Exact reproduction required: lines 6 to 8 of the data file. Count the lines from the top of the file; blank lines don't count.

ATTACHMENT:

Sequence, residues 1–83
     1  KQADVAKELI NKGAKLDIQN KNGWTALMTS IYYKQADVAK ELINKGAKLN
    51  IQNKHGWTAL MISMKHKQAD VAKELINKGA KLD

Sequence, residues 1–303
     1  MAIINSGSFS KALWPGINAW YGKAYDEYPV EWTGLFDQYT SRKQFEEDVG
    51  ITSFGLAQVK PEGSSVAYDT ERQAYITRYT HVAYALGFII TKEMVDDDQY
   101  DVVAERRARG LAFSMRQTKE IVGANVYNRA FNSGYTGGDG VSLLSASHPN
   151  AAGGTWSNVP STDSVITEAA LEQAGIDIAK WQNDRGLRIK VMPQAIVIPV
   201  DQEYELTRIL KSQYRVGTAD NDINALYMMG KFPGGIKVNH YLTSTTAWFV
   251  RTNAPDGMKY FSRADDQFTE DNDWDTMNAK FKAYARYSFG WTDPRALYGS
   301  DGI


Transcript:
    51  ITSFGLAQVK PEGSSVAYDT ERQAYITRYT HVAYALGFII TKEMVDDDQY
   101  DVVAERRARG LAFSMRQTKE IVGANVYNRA FNSGYTGGDG VSLLSASHPN
   151  AAGGTWSNVP STDSVITEAA LEQAGIDIAK WQNDRGLRIK VMPQAIVIPV